(CNN)Germany's spy chief, removed from his job after being accused of far-right sympathies but moved to a more senior government role, will not get the promotion after all.
There had been widespread criticism of the deal to move Hans-Georg Maassen from his position as head of the Office of Constitutional Protection, which monitors extremist organizations, to State Secretary in the Interior Ministry, a role that came with with security responsibilities.
The outrage triggered new discussions between the three key figures in the ruling coalition -- Chancellor Angela Merkel, Interior Minister Horst Seehofer, and Social Democrats leader Andrea Nahles over the weekend.
According to a government statement Sunday night, Maassen will still make the move to the Interior Ministry, but will become a special adviser in European and international affairs, a position in the same pay grade as his former role as intelligence chief.
The botched handling of Maassen's move has raised serious questions over the competence and stability of the coalition, which was cobbled together in January.
Speaking Monday, Merkel admitted that promoting Maassen was an error of judgment and that she had been more focused on ensuring a functioning Interior Ministry than on the concerns of the public.
"I very much regret that that could happen," she said.
Maassen is accused of questioning the validity of a video showing far-right protesters apparently chasing migrants without any evidence to support his claim, and therefore legitimizing attempts by far-right groups to downplay the violence in the eastern city of Chemnitz last month. He later backtracked, saying he had been misunderstood.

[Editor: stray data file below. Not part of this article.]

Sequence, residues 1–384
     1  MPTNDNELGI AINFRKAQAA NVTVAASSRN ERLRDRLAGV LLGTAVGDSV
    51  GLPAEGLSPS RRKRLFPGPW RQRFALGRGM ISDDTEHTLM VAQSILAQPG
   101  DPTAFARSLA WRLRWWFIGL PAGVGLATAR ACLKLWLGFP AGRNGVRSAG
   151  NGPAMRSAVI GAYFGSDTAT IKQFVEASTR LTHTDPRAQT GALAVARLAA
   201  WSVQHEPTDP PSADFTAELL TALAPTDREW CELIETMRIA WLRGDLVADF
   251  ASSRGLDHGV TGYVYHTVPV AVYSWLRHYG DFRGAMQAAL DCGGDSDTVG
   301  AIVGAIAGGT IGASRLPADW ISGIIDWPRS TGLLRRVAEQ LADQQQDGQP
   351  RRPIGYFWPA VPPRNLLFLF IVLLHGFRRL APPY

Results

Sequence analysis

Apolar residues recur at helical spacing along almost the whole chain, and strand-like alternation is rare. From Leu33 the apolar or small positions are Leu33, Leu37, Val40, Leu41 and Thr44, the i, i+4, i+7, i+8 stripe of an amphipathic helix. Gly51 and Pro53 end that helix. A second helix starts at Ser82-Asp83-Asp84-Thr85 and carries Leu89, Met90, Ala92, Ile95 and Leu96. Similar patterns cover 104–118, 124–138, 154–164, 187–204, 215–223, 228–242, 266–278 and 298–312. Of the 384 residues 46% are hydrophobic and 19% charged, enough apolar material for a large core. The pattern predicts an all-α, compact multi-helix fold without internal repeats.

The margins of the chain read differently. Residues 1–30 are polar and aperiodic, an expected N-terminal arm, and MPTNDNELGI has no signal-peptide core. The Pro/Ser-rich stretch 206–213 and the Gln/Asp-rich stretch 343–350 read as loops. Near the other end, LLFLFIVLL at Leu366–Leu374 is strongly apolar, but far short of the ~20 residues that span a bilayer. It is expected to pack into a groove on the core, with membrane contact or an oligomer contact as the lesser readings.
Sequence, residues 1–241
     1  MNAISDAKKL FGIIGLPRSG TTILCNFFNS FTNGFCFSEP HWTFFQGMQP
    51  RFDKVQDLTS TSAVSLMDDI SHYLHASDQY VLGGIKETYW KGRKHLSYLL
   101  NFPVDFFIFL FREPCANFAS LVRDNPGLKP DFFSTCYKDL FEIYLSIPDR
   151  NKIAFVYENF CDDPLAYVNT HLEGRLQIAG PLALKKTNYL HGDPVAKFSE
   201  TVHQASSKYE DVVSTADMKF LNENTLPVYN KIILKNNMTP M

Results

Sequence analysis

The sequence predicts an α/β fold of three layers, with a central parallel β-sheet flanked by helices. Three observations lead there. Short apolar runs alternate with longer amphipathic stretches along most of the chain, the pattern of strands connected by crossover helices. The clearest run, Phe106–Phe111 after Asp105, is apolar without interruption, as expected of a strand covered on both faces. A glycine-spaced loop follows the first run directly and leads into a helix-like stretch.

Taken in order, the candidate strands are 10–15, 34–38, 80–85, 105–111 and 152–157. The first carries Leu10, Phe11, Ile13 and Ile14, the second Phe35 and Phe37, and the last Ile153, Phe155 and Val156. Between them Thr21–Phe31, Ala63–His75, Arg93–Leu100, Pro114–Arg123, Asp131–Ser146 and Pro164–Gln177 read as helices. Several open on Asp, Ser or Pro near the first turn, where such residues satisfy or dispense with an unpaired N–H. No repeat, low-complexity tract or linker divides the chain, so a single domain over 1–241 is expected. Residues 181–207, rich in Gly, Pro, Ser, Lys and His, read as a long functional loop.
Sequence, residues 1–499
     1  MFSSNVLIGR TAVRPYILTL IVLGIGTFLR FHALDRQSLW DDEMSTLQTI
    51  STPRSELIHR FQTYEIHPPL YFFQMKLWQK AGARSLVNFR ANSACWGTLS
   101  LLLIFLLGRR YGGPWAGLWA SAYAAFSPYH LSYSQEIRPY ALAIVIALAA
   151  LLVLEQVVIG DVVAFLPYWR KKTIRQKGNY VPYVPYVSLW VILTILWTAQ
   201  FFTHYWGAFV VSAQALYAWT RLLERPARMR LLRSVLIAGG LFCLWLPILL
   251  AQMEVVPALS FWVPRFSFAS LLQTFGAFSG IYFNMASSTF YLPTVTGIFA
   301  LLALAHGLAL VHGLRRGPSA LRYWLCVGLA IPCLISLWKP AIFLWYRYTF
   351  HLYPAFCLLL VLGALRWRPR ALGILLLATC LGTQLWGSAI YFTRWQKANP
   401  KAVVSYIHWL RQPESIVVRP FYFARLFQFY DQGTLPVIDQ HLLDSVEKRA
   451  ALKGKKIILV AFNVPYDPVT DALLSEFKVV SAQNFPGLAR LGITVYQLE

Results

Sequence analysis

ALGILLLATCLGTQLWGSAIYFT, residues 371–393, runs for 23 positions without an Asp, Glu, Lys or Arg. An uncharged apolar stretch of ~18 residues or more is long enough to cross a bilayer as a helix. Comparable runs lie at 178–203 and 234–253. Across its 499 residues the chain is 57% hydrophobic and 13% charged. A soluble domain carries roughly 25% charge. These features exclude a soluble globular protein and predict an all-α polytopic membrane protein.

The government response to Maassen's comments was widely criticized, as was his promotion last week, which was seen as a victory for Seehofer, leader of the Christian Social Union, the more conservative sister party to Merkel's Christian Democrats, and staunch defender of Maassen.
Florian Post, SPD lawmaker in Bavaria, described the decision to promote Maassen as a "joke," while Families Minister and SPD lawmaker Franziska Giffey condemned the move and called for Seehofer to go, according to Reuters.
Pressure to renegotiate Maassen's relocation was strongest on Nahles, who has been leader of the SPD for just five months. Calls for Maassen to go had been the loudest within her party.
Speaking late Sunday, Nahles said it was a "very good sign" that the government was able to respond to the criticism and "correct" the decision.